Politics permeate Telenor probe

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NEWS ANALYSIS: The drama around Telenor’s involvement in alleged corruption at its partly owned Russian mobile phone VimpelCom is rife with politics. While a former Labour Party boss questions how a trade minister from the Conservative Party has handled the Telenor/VimpelCom case, two professors contend the Labour boss should withdraw from leading a parliamentary inquiry.

Martin Kolberg is a veteran of the Labour Party and now, as a Member of Parliament, heads the parliament's discliplinary committee. He's being called on to withdraw from the Telenor probe because of close ties to Telenor's new chief executive, who also was active in the Labour Party for many years. PHOTO: Arbeiderpartiet

Martin Kolberg is a veteran of the Labour Party and now, as a Member of Parliament, heads the parliament’s discliplinary committee. He’s being called on to withdraw from the Telenor probe because of close ties to Telenor’s new chief executive, who also was active in the Labour Party for many years. PHOTO: Arbeiderpartiet

Martin Kolberg, the former national secretary of Norway’s Labour Party, now leads the Norwegian Parliament’s disciplinary committee. It decided earlier this week to hold a new hearing into who at Telenor knew what, and when, about concerns that VimpelCom had paid bribes to expand into Uzbekistan.

The new chief executive of Telenor, Sigve Brekke, is bound to be called in for questioning at the hearing, due to be held before Christmas. Brekke was formerly active in the Labour Party and its youth group AUF, rising to become a state secretary in the defense ministry in 1995-96 before he went off to study and do research at Harvard University in the US. He became head of Telenor’s operations in Asia in 2008.

That can cause a conflict of interest, claim two professors at both the University of Oslo (UiO) and the Norwegian Business School (BI), because Kolberg and Brekke have known each other and been Labour Party colleagues for years. “Good friends should not investigate each other, especially when one of them leads the control- and constitution committee at the Parliament and the other leads one of Norway’s largest companies,” wrote Professors Morten Kinander of BI and Geir Woxholth of UiO in Thursday’s issue of newspaper Dagens Næringsliv (DN).

Kolberg himself said in an interview in DN last spring that Brekke was “a close friend” and that their careers had paralleled each other’s. He noted that Brekke’s wife Torgrunn also worked for the Labour Party for many years.

Now Kolberg is downplaying his friendship with the Telenor CEO and disagrees that he has a conflict of interest. He called Brekke an “acquaintance” on Thursday and sees no reason to withdraw from the probe, even though he conceded the issue may come up at the committee’s next meeting.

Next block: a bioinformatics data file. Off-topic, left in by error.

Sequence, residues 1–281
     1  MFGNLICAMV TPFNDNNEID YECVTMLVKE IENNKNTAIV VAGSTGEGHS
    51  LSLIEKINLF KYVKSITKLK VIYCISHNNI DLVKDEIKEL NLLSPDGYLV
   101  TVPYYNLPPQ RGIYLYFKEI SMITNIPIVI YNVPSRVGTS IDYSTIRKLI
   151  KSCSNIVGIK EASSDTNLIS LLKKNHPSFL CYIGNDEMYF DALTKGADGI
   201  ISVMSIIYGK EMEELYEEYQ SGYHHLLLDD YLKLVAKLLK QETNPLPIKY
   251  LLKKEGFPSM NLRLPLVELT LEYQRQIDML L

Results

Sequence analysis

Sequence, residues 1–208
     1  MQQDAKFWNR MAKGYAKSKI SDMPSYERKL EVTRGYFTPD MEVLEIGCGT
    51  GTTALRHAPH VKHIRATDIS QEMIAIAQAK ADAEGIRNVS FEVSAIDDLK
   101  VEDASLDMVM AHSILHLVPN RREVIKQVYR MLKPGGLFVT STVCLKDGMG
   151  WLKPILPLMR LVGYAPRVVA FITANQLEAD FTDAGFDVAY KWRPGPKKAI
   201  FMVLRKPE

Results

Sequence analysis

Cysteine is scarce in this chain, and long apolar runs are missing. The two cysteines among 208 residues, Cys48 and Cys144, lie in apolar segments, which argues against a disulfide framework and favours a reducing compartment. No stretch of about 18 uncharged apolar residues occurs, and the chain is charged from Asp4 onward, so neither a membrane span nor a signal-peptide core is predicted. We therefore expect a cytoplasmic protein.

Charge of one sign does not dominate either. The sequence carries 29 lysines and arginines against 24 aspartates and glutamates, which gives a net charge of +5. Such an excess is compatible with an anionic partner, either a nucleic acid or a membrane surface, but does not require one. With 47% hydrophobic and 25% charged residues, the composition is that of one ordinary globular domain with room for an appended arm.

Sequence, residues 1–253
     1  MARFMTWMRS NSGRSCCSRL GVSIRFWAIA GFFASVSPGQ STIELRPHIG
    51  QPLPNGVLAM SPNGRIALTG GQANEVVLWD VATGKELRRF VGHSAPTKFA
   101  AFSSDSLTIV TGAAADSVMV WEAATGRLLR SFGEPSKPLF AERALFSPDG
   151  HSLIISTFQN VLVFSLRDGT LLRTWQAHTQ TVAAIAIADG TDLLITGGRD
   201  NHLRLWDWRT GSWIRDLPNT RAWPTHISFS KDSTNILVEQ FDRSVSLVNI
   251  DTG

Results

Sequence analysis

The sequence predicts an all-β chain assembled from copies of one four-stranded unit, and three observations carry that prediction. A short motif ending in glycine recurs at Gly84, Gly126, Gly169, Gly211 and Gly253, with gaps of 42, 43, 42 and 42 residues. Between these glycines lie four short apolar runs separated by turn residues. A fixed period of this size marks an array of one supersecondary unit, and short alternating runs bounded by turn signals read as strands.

Labour in power when bribes allegedly were paid
Meanwhile, Kolberg has stressed that the committee’s new hearing will mainly concentrate on how Trade Minister Monica Mæland of the Conservatives has handled the case since she assumed her post in 2013. Since the state still has a 54 percent stake in Telenor, formerly Norway’s state phone utility, the trade minister formally represents the government as Telenor’s single largest shareholder.

“We must chart the ministry’s work,” Kolberg told DN on Wednesday. Geir Pollestad, a Member of Parliament for the Center Party, also claimed it was “of the highest relevance to find out whether she (Mæland) has done enough to get all information on the table.”

The Center Party shared government power with Labour, though, in the former left-center coalition that also included the Socialist Left party (SV). The Labour-led coalition was in power from 2005 to 2013, with Kolberg’s party colleagues Odd Eriksen, Dag Terje Andersen, Sylvia Brustad and Trond Giske serving as as trade ministers while VimpelCom was expanding into Uzbekistan. Giske was in charge when the corruption allegations at VimpelCom, in which Telenor holds a 33 percent stake, first became known in 2012.

Labour has thus had arguably far more responsibility for developments at Telenor than the Conservatives, and the committee may need to call on some of Kolberg’s other former colleagues. Mæland, meanwhile, contends that she and her ministry colleagues have done “everything we could to gain and share information about this case. We have raised the questions we could. But it’s difficult to handle information we didn’t have and should have had.” She fired Telenor Chairman Svein Aaser, who’d been appointed by Giske, late last week after learning that he and former Telenor CEO Jon Fredrik Baksaas had withheld information about the VimpelCom case. Aaser, a former CEO of Norway’s biggest bank, DNB, remains chairman of the National Museum, reporting to another government minister from the Conservatives, Thorhild Widvey.

newsinenglish.no/Nina Berglund